The Government is preparing controversial legislation aimed at slashing the price of access to Eir's telephone poles in a bid to save the troubled National Broadband Plan (NBP).
The move comes as it continues to prepare a complex tender for a State-subsidised roll-out of high-speed broadband to 540,000 homes.
Two private companies - Eir and Enet - are competing for the long-awaited State contract.
The new legislation, now being prepared by the Department of Communications, could greatly reduce the amount that competitors such as Enet would have to pay to use telephone poles and ducting belonging to the former State telecoms monopoly.
Such a reduction could potentially save the government hundreds of millions by reducing the subsidy it needs to pay towards making the NBP commercially viable, said industry sources.
The move by Minister for Communications Denis Naughten could be strongly opposed by Eir, given that access pricing has already been set by regulation in the sector, said the sources.
Any dispute over the introduction of the new law could further delay the rural broadband plan, already long delayed, with completion not due until 2023.
"As part of the priority legislative programme for spring/summer 2018, the Minister for Communications will bring legislation to Cabinet in respect of the NBP," said a department spokesman.
“The purpose of the legislation will be to provide certainty with regard to the conditions of access to existing infrastructure, including cost, for the National Broadband Plan, State intervention.”
A spokesman for Eir confirmed that the company was aware of the Government move, but said it did not know the details of what was planned.
“We are aware of the Government’s Spring Legislative Programme and note its intention to introduce primary legislation,” said the Eir spokesman. “We have had no visibility of the detail of that proposed legislation and we are keen to understand how it will work in relation to the existing pricing regulations that currently in place concerning access to infrastructure.”
The new legislation could have potentially major impacts on both the cost of the NBP and Eir’s own revenue stream from the work that needs to be carried out if other companies are to use its network to access rural areas. Government documents, previously reported by the Irish Independent, showed that the cost of infrastructure access is a huge hindrance to the NBP, which is likely to cost substantially more than €1bn.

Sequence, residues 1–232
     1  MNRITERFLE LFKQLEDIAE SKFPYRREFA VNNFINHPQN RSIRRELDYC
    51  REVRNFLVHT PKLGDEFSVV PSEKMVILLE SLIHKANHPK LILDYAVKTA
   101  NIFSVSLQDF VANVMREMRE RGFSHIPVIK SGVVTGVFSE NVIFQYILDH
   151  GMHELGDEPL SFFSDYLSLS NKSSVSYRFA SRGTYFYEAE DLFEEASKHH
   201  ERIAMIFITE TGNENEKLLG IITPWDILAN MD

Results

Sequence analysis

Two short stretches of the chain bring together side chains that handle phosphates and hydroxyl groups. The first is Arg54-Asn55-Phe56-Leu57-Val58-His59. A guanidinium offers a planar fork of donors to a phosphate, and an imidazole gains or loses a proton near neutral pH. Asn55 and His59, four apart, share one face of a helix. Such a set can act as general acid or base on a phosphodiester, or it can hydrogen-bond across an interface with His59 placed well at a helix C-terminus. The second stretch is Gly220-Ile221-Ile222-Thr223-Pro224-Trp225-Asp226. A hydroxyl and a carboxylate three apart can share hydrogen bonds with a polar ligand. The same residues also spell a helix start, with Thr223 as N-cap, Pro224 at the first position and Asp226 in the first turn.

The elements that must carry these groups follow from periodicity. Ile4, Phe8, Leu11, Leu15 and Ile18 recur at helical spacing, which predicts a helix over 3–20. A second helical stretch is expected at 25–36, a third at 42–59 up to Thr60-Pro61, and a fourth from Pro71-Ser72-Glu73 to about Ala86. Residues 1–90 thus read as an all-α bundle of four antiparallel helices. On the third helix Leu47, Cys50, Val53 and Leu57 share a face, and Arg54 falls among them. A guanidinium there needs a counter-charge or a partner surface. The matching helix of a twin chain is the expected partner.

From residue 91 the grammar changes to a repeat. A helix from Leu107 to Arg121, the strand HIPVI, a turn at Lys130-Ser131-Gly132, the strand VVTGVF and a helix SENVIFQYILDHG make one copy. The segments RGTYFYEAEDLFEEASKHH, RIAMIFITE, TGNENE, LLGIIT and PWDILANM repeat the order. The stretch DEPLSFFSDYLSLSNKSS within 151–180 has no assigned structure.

“The Department’s model suggests that under the ‘base case’ the level of subsidy bidders might seek… could increase... by more than 60pc if the existing regulated price for pole and duct access is applied,” said the reported document.
Last year, Siro — a joint venture between Vodafone and the ESB — pulled out of the process, saying that it was unable to make a business case for continued participation.
Fianna Fáil technology spokesman James Lawless introduced a similar private members bill two years ago in a bid to find a way around the impasse that has developed over the NBP. His bill is in political limbo but was aimed at fast-tracking planning for broadband and mandating the co-location on telecoms infrastructure for market rates, including ducting and poles.
“Under this bill if Enet, Imagine, Vodafone or any of the other providers were looking to use Eir’s infrastructure they would be mandated to allow that as long as it was at a fair and reasonable market rate,” he said. “I don’t think Eir or anybody else should be able to build in a legacy tariff for the use of this type of infrastructure.
“My view is that if we were to fix many of the problems that are holding back the NBP that we might find that the private sector providers will actually do it themselves without the need for huge subsidies from the taxpayer apart from in a small number of areas.”
One of the reasons such measures have not previously been introduced is that the Government is “terrified” that there will be a legal challenge to the tender, said Lawless.
“The delivery of the NBP is tortuously slow and I don’t really have any confidence that will change. My bill was partly aimed at promoting a private sector solution but it could also be a safety net if this whole thing falls apart.”
But one competitor of Eir in the telecoms space said that he had some sympathy for Eir, given that rates for access were already set by a regulatory body.
Well-placed sources have previously indicated to this newspaper that Eir’s new French owner — owned by billionaire Xavier Niel — will put a greater emphasis on developing state-of-the-art services in key urban locations, shifting the company’s focus away from sparsely-populated rural locations.
Sunday Indo Business